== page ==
The Hill Talk is giving a quick rundown of each Republican candidate in advance of the first primary debate on Thursday, August 6.
Here is our profile of U.S. Senator Rand Paul.
- Born in Pittsburgh, Pennsylvania.
- 52 years old.
- Graduated from Duke University School of Medicine, earning Doctor of Medicine degree (M.D.)
- Started practicing ophthalmology (eye specialist) in 1993; now owns practice in Bowling Green, KY, specializing in cataract and glaucoma surgeries.
- Founded Southern Kentucky Lions Eye Clinic in 2009 for patients who couldn’t previously afford exams or surgery.
- Founded North Carolina Taxpayers Union in 1991, Kentucky Taxpayers United in 1994.
- Elected Kentucky Senator in 2010, replacing 23-year House and Senate veteran Jim Bunning.
Positions on the Issues
- Reform tax code by eliminating most exemptions, institute 14.5% “Fair and Flat Tax” on individuals and businesses alike.
- Supports federal Balanced Budget Amendment, but recently proposed increasing Pentagon spending by $190 billion.
- Advocates audit of Federal Reserve, with more Congressional oversight of the central bank.
- Supports repeal of Obamacare – “Prior to the implementation of Obamacare, our health care system was over-regulated and in need of serious market reforms”.
- Suggests free-market alternative to Affordable Care Act – “I have long supported making all medical expenses tax deductible, allowing insurance to be bought across state lines, tort reform . . . removing the high-deductible insurance policy requirement to access Health Savings Accounts.”
- Would only grant legal work status for illegal immigrants after securing the border.
- Introduced Border Security amendment in Senate that “would make immigration reform contingent on Congress voting to certify that the border is secure” – proposal stipulates that border fence be built within five years, includes “Trust but Verify” amendment which requires Congress to design “a border security blueprint rather than asking the Department of Homeland Security to come up with a plan.”
- Supports Second Amendment (gun ownership) rights.
- Disagrees with recent Supreme Court ruling that legalized gay marriage nationwide, but wrote in a Time op-ed that “all Americans have the right to contract.”
- Personally disagrees with abortion, but said “the country is . . . somewhere in the middle, and we are not changing any of the laws until the country is persuaded otherwise.”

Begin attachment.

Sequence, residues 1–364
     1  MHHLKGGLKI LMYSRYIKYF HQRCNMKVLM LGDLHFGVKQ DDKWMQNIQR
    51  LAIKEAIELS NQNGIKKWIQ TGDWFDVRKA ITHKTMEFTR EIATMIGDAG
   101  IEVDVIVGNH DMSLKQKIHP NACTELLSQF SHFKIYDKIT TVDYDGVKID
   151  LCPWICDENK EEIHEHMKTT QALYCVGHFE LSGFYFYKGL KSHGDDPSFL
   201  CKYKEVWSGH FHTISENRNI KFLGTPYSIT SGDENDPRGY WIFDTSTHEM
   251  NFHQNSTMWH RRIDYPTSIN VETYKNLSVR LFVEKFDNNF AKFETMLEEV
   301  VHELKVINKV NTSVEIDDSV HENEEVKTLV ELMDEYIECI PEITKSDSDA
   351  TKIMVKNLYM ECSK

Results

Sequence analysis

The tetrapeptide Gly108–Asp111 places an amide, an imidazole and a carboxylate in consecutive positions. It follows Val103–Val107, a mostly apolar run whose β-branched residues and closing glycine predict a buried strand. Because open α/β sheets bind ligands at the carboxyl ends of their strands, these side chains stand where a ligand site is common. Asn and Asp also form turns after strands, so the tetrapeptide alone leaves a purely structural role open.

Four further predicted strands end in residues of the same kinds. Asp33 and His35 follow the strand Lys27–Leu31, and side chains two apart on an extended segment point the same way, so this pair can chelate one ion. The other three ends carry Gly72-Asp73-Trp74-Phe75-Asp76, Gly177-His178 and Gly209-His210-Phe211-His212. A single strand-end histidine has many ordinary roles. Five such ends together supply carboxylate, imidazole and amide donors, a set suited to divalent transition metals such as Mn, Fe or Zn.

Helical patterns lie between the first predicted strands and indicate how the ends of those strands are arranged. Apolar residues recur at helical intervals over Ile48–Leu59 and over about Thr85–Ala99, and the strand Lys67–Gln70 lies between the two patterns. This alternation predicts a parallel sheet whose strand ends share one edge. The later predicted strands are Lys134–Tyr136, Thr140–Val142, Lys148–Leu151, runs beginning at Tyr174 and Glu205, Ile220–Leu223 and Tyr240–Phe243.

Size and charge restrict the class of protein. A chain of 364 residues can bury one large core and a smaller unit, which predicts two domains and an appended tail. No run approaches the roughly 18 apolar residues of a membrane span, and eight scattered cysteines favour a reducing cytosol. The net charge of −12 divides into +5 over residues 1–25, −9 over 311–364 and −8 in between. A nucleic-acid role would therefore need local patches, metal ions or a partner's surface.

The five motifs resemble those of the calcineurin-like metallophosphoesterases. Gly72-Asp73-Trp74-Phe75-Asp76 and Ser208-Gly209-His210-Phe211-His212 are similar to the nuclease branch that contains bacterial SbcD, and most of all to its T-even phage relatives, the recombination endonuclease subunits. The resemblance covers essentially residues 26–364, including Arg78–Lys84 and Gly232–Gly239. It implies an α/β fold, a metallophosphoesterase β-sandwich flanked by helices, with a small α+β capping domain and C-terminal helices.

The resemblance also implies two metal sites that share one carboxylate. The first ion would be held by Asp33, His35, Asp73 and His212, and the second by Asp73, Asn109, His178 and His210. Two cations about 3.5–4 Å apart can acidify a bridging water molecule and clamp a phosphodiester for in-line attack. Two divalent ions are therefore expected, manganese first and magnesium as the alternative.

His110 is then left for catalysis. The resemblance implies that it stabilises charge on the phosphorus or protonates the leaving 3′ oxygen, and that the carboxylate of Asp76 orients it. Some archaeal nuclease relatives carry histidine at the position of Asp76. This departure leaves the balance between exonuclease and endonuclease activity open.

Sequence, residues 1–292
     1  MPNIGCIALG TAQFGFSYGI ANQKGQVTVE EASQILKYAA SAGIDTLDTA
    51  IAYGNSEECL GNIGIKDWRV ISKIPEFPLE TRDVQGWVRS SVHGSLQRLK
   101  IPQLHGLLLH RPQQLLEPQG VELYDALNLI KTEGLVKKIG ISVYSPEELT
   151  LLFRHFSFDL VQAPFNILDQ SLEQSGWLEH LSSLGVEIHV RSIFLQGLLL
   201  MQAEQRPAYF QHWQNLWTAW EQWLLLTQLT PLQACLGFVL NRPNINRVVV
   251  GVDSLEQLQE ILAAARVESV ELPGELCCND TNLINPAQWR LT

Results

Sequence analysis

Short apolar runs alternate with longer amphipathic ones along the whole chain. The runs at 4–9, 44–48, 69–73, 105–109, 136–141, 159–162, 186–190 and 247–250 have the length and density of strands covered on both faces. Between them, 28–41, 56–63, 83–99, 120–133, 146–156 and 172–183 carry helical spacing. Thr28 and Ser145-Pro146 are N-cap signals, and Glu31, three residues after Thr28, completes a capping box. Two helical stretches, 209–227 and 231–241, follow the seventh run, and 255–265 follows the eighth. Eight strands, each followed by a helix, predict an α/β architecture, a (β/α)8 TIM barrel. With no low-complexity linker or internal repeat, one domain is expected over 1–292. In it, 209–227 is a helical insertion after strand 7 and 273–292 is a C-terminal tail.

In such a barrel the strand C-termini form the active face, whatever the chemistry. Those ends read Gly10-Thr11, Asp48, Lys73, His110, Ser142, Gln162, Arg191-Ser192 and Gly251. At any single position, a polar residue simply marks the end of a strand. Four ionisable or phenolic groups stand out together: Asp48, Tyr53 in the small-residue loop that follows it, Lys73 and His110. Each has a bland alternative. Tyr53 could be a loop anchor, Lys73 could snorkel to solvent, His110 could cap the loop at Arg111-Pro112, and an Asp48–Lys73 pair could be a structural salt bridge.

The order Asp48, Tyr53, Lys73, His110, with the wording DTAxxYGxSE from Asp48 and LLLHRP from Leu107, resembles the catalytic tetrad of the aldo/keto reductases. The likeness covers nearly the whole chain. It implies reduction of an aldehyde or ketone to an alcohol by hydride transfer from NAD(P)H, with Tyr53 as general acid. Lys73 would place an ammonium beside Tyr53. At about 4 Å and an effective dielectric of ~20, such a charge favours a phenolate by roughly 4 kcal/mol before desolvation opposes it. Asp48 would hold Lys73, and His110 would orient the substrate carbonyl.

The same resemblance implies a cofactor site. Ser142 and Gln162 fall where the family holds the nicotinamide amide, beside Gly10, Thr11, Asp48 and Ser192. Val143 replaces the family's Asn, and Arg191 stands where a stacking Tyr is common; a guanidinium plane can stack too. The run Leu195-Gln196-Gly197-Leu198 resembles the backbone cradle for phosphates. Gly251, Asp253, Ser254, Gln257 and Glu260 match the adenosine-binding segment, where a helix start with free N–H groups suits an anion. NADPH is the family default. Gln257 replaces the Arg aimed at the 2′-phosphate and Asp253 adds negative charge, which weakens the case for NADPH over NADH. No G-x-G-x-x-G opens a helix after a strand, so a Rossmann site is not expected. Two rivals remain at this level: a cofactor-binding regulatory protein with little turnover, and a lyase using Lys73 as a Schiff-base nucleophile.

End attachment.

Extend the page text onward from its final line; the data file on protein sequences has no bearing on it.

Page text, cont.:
- Ideally would like to end all U.S. foreign aid – 2011 budget proposal included absolutely zero funding of allies, including Israel.
- On the fence regarding Iran nuclear deal – “What I would have preferred in this agreement would be that we gradually reduce sanctions over a several year period.”
- Accuses President Obama of not having a focused strategy in the Middle East – “If I had been in (his) shoes, I would have acted more decisively and strongly against ISIS.”
- Advocates for only going to war with Congressional approval.
National Security/Privacy Rights:
- Believes NSA spying and bulk-collection of meta-data is unconstitutional (Fourth Amendment).
- Says “general warrants”, forcing phone companies to hand over customer records to the government, would end under a Paul Administration.
- In 2014, Paul sued Obama Administration and NSA for injury caused by agency’s practice of spying/seizing of phone records.
- Endorses abolishing Department of Education, and diverting funds to state and local school programs.
- In 2012, Paul started petition to support his “End the TSA” bill, after a run-in with airport security in Nashville caused him to miss his flight to Washington.
- Strong advocate of cutting federal government regulation of environment, safety, and health – introduced bill to “increase accountability for and transparency in the Federal regulatory process.”
- Supports term-limits for House and Senate members.
Who will vote for him?
Currently mired mid-pack in a crowded Republican field, Senator Paul enjoys strong support from civil libertarians, among whom his father was even more popular, in both the Democratic and Republican parties. Geographically, his message will probably resonate loudest in the Mountain West.
On defense budget spending